Posts tagged with "Wheeler Kearns Architects":
For 47 years, the Lakeview Pantry on Chicago’s North Side has provided for the poor and hungry. Through food distribution and self-help initiatives and programs, the pantry has become a staple of its immediate neighbors as well as the greater Chicago community. When it came to establishing its first permanent space, the much-lauded organization turned to local firm Wheeler Kearns.
Originally known as the People’s Pantry of Lakeview, the organization was spread out among a variety of buildings throughout the neighborhood, often with administrations and operations in separate spaces. An adaptive reuse project, the new Lakeview Pantry brings the entire operation under one roof a few blocks from Lake Michigan, nestled up against the overhead L tracks.
Wheeler Kearns’s design for the 7,500-square-foot two-story space brings together the Pantry’s food distribution and social services programs, as well as the administrative staff, with connected spaces and natural light. The lower level includes the waiting area with a distribution counter, walk-in freezer-cooler, dry storage, and sorting room. The goal of the public face of project was to match the Pantry’s own mission by providing a dignified space for those in need. The bright front space serves over 8,000 people a year, with over 800 tons of food distributed in the form of 14-day supplies, so the front of house sees a lot of traffic and a lot of food.
Bathed in sunlight, a wood staircase leads to the upper level. Efficiently laid out offices fill the majority of the upstairs. Much-needed private meeting spaces, a conference room, a shared lunchroom, and open staff office space are lit from above and from the two ends of the thin building.
While the project was only recently finished, it has already been recognized with the Richard H. Driehaus Foundation Award for Architectural Excellence in Community Design, an annual award given to outstanding built community-design projects in Chicago.
“When you work with an organization whose mission is so powerful and important, and they approach that mission with such vigor and earnestness, it is pretty easy to get behind it,” said project architect Danny Wick when he received the Driehaus award at the end of February. “Asking for help can be a pretty undignified thing to have to do. To try and bring a dignified experience to that, and recognize that good design is not only reserved for the wealthy, but that everybody can gain from design, was always the goal.”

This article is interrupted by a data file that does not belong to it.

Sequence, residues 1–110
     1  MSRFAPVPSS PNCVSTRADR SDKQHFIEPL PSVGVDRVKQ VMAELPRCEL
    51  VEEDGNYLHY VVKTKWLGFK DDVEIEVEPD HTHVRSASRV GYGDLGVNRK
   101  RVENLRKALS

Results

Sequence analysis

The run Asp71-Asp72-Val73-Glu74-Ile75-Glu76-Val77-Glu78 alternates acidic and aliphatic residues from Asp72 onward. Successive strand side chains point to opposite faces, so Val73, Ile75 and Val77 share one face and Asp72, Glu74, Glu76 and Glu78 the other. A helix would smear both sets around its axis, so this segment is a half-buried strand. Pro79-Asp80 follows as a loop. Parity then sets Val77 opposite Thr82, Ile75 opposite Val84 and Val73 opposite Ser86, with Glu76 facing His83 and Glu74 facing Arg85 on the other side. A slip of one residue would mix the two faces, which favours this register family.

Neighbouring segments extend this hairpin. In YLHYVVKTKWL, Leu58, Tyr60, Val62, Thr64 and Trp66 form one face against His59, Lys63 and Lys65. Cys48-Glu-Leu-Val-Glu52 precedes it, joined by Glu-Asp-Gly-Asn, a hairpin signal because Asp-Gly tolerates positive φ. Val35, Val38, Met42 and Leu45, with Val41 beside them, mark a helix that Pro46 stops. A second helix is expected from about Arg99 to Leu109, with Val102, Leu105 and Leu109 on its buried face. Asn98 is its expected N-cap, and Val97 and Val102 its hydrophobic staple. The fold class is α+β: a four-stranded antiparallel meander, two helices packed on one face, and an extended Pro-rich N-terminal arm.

Along the shores of southwest Michigan’s Upper Jeptha Lake sits one family’s home away from home. Created in an ongoing collaboration between the owners and Chicago-based Wheeler Kearns since the 1990s, the retreat is a cluster of four small buildings. The relationship between Wheeler Kearns and the client goes well beyond this single project—their long history of building together in Chicago created a rapport that is exercised here.
Based around an existing cottage that Wheeler Kearns remodeled, the Upper Jeptha Lake Retreat is defined as much by its interior spaces as the spaces in between the structures. Enclosing a yard and pool, two outbuildings and a forest provide an intimate entertainment area. These multiple outdoor spaces can be used for family dining or large group events.
The latest addition to the project completes the campus as a year-round multi-generational getaway.
One of the two new buildings is a guesthouse for two families. The 960-square-foot structure includes two bedroom suites, a small kitchen, and a communal area. An intimate loft space sleeps two with 360-degree views of the forest and lake—a grandkids’ paradise. Covered patios allow for more private or group eating. The second building houses an exercise room, garage, and a patio for grilling. A small boathouse sits at the water’s edge.
Each structure’s form is reminiscent of the other, but they were not designed to perfectly match. Instead they are tied together with carefully curated material and detail palettes. The entire campus is painted in a cool gray that recalls the bark of surrounding beech trees. In contrast to the calm exteriors, the interiors are rich and warm. Douglas fir is used from veneered plywood to wide planks, and lines most surfaces. Hidden appliances and efficient layouts make the most of small spaces. Interior furnishings throughout the sunlit space, such as bright fabrics and classic modern pieces, were chosen by interiors firm RDK Design.
“The clients are very involved,” explained Wheeler Kearns principal Mark Weber. “They would give us programmatic elements, but would allow us to compose the best scheme for the site.” The result is a retreat specifically catered to the needs of multiple generations of a family coming together away from the city bustle.
Windows Eagle Window
Lighting “Munkegaard LED” Louis Poulsen
“The Egg” Holophane
“BeveLED mini” USAI
Toilets and sinks Kohler